Shine, Perishing Republic: Robinson Jeffers and the Tragic Sense in Modern Poetry

Shine, Perishing Republic: Robinson Jeffers and the Tragic Sense in Modern Poetry

Shine, Perishing Republic: Robinson Jeffers and the Tragic Sense in Modern Poetry

Shine, Perishing Republic: Robinson Jeffers and the Tragic Sense in Modern Poetry

Excerpt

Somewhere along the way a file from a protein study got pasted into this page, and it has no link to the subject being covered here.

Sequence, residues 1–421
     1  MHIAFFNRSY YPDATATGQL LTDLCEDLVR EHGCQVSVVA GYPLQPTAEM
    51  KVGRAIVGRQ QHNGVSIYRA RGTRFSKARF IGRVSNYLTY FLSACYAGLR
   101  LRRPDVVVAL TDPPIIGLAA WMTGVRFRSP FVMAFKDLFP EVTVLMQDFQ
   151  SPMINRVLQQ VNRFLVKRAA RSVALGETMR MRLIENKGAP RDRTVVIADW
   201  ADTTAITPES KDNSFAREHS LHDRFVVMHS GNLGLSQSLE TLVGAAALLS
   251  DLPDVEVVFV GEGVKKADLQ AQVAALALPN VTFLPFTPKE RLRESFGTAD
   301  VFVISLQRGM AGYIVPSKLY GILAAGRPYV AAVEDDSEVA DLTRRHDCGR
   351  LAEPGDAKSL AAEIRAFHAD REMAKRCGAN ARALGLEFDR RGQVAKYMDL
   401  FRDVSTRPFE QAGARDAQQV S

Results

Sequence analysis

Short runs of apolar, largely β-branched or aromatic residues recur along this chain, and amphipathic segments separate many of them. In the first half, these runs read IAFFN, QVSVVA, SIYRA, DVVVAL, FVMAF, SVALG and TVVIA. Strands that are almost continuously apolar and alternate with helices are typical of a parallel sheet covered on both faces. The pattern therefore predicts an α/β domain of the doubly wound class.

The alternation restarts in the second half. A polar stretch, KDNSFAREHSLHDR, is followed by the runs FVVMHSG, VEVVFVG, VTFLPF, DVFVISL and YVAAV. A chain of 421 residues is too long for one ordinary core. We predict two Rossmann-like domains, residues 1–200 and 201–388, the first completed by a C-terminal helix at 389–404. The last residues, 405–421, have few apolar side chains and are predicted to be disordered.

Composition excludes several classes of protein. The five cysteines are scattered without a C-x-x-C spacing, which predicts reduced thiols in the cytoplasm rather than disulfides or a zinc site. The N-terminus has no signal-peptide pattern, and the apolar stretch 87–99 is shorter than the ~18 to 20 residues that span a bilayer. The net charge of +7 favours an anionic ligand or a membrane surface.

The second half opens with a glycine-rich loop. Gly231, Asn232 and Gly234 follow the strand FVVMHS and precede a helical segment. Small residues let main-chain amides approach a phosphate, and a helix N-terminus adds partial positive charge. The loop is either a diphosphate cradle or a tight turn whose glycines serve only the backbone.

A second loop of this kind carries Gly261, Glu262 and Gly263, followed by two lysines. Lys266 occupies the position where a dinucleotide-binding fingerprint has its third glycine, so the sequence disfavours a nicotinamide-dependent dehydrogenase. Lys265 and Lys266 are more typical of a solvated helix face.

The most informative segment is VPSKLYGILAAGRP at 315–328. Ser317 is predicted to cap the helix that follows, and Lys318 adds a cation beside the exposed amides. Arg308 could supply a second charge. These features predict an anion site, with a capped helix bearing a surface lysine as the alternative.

These essays, it is hoped, will introduce new readers to Robinson Jeffers. A poet of his power sees with a too complex vision "the spiritual realities to which the material realities correspond" to be understood by proxy. Only by a daring leap into the midst of the foaming, resounding storm-waves of his titanic poems can the reader become sensible of the "divine vision in time of trouble" of Robinson Jeffers. For he, like Blake, will never be among our popular poets. They remain ever the poets of those seekers of the élan mystique in poetry, that quality which is outside its delicacy or its force, its verbal beauty or its rhythmic cadence, its lyric song or its tragic cry. The poetry of a Blake or a Jeffers is marked by too many obscure figures of speech and too few clear narratives to make a general appeal. We may emphasize the unpopularity of Blake, Crane, Jeffers and T. S. Eliot with the words of Eliot himself: "the genuineness of poetry is something which we have some warrant for believing that a small number, but only a small number, of contemporary readers can recognize. I say positively only a small number, because it seems probable that when any poet conquers a really large public in his lifetime, an increasing proportion of his admirers will admire him for extraneous reasons." Yet to those few who . . .

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